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Newey warns F1 of 'grave danger' over engine performance rules

Formula 1 design genius Adrian Newey has warned that the sport faces 'grave danger' if it does not properly sort out future engine performance equality rules.

After deciding to step back from his chief technical officer role with Red Bull because he is frustrated by ever-tighter regulations, Newey fears that F1 could face huge problems in the not too distant future because of engines.

He is worried that plans to lock down F1's power unit designs over the next few years with a full-on design freeze could result in one car maker being left with a permanent advantage.

What Adrian Newey should do next

And if that happens, Newey suggests that those manufacturers who are behind their rivals may simply choose to turn their back on the sport.

"The current set of regulations are engine orientated," explained Newey, whose team's performance this year has been hampered by early season struggles from engine partner Renault.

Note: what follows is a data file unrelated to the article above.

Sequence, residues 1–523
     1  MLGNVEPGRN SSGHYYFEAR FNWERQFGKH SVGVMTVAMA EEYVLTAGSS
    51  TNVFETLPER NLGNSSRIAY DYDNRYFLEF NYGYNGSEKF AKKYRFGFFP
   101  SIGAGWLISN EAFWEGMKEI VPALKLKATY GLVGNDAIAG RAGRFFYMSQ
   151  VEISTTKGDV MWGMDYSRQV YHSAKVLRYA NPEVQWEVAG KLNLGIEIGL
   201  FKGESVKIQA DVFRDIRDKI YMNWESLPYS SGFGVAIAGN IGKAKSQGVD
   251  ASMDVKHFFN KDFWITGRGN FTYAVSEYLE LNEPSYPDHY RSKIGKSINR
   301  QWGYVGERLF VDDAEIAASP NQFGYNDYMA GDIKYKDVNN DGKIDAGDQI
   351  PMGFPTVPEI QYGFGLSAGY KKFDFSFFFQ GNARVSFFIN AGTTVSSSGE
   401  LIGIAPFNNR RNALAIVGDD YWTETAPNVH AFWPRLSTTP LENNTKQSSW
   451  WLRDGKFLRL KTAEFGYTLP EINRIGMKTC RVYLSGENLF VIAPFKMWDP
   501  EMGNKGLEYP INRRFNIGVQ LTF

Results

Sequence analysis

"At some point in the coming years presumably that will settle down.

"There is grave danger, with the freeze happening progressively over the next 18 months, because it's not apparent if one manufacturer ends up with an advantage as to what happens at that point.

"Is that advantage maintained for ever more, in which case the rest of us give up?

"It doesn't seem to me to be a particularly satisfactory situation at the moment. The regulations need more of a fundamental rethink in my opinion."

F1's engine manufacturer had to homologate the designs of this year's power units at the start of this year, and have only been allowed to make modifications on reliability grounds.

However, this winter, the rules allow manufacturers to redesign certain parts of their power unit to ensure that they are in much better shape for 2015.

But over the next few years, more and more components will be locked down, meaning there is less scope for a manufacturer to catch up with a rival if it is behind.

The previous F1 engine freeze for V8 engines worked so well because there was little performance difference between the various power units at the time they were homologated.

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